InfoComm 2016 – It’s The Year of the Laser Projectors
Laser Projectors! Everywhere! I’ve been attending InfoComm – the big display industry trade show – for more than two decades now! Every so often, a year comes along where there is a visible shift in some technology or another.
Oh, sure, every year, someone shows off the new “world’s largest” LCD monitor, or the “world’s most expensive” LED display. In other words, most years, products overall are just evolutionary.
Sure, we saw the start of 4K projectors a few years back, but while it generated buzz, the move has been slow.
InfoComm 2016 however, at least from my perspective, is one of those rare years where I think there has actually been a significant shift in one market segment, and that’s with large, and larger, venue projectors. Click to visit our directory of all laser projector reviews.
I’m declaring 2016 the year of the laser projector.
OK, laser projectors are nothing new. But note, I’m going to ignore completely, the small handful of pico projectors that use lasers instead of LEDs… Boring!
We’re talking serious laser projectors.
Now, I’m not saying this is a “first year.” Casio started shipping LED/Laser hybrids perhaps as far back as 2010. Laser projectors have been around for at least 3 years. The first “larger” venue model we reviewed was really another hybrid, another LED/laser – but from Panasonic, and with 3500 lumens claimed. Since then, we’ve reviewed true laser projectors (no LEDs) from Panasonic, Sony, ViewSonic, Epson, NEC, etc.
But 2016 is definitely The Year of the Laser Projector. Let me explain what I mean:
At InfoComm, they were just about everywhere you could find a booth with 5000 or more lumen projectors. Perhaps the best example, though of laser projectors “exploding onto the scene,” is Epson’s showings:
Epson – who until now only had a pair of laser projectors on the home theater side (launched early 2015) – showed 7 brand new laser models from 6000 lumens to 25,000 lumens (prices ~$8,000-22,000) and the truly massive L2500 (shipping later this year) that weighs 100+ lbs., offers 25,000 lumens, and comes with a low six-figure price tag!
Sony and Panasonic added more laser projectors to their line-ups. Panasonic was sporting a 21,000-lumen laser, among others (that one’s been around).
Laser pojectors with 6,000, 10,000 lumens, 20,000 lumens, and even MORE were not hard to find. When we talk 20,000 lumens, it’s rock concert level.
The well-known high-end players like Barco, Christie, and Digital Projection of course showed laser projectors.
But the surprise was in how many companies that hadn’t competed in the really larger venues brought out lasers!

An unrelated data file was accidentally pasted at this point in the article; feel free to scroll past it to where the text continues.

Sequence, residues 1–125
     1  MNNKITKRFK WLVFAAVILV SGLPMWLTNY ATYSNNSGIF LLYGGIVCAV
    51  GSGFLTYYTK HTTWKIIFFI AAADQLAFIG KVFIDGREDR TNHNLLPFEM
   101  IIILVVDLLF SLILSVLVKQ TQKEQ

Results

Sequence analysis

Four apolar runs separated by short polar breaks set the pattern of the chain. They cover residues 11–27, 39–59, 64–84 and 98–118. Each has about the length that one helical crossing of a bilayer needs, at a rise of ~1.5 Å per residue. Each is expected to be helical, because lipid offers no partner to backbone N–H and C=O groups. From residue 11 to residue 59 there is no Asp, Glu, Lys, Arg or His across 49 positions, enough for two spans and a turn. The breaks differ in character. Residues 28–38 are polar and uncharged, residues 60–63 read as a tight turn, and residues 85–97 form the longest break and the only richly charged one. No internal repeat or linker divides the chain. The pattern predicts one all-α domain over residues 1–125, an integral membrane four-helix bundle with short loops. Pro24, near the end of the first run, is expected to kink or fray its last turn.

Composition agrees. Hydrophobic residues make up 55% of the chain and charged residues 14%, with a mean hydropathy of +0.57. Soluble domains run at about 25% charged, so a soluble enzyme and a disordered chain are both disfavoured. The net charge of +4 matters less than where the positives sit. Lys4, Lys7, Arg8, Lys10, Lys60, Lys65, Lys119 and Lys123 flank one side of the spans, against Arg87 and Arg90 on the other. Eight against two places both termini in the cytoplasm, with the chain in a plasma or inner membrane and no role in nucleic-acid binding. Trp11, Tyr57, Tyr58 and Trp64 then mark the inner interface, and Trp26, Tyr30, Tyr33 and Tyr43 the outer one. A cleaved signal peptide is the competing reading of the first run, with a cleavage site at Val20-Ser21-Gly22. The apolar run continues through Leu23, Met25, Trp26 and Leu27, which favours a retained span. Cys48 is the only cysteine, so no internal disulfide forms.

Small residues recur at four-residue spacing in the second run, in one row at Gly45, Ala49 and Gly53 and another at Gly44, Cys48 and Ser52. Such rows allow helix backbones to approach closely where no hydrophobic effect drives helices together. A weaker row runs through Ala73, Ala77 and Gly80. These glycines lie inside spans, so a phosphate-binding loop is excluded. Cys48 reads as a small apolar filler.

Laser projectors were talking points at BenQ, Optoma, ViewSonic, and Canon – the last of which showed a couple of very nice laser projectors rating 6,800 and 8,000 lumens.
NEC’s NC1040L Laser projector offers 5,000 lumens. It’s even DCI compliant, so I wouldn’t be surprised if they are also marketing it to smaller movie theaters.
In the last year and change, we reviewed 3 “commercial” laser projectors and two home theater ones. But, since this is the year of the laser projector I’d expect that in the time between the just held Infocomm 2016 and Infocomm 2017 (June in Orlando), we end up reviewing at least a dozen laser projectors. But that won’t be enough. It will mean that we won’t get to a number of companies to review theirs.
One question that still remains, is will this shift with the brighter projectors quickly work its way down to the small install and portable projectors? Casio has been selling hybrids for years, but they’ve been all by themselves in the low price ranges, starting below $1000. But in terms of market share, it’s like electric vehicles – Prius’es essentially, back 10 years ago. They were selling, but not putting a serious dent in the the overall market.
That transition could prove interesting. With lamps that last 5000 hours or more, selling from some manufacturers from under $100, the premium paid for solid state can’t be a whole lot, on the lower end where long term consistent color and brightness aren’t critical.
A couple more years should tell us if lamp projectors will be going the way of those old LCD panels you put on overhead projectors. In five years, will we think of lamp based projectors the way we think of those old CRT TVs before plasmas and LCDTVs? Hmm.
Thanks for “listening.” -art
When it comes to those reviews, most likely there will be a couple of new home models will be in that mix, but mostly it will be fairly high power commercial laser projectors suitable for auditorium usage, university classrooms, edge blending and projection mapping type displays including museums and digital signage, board rooms and medium and large venues of all types including house of worship.
Our coming soon listings found on most pages of the site will keep you posted as to which ones are coming in, and when their reviews will post.
True, in the next year we’ll see more 4K projectors, more pixel shifting projectors, more interactive, and the first generation of UHD projectors, but this is the breakthrough year for laser projectors.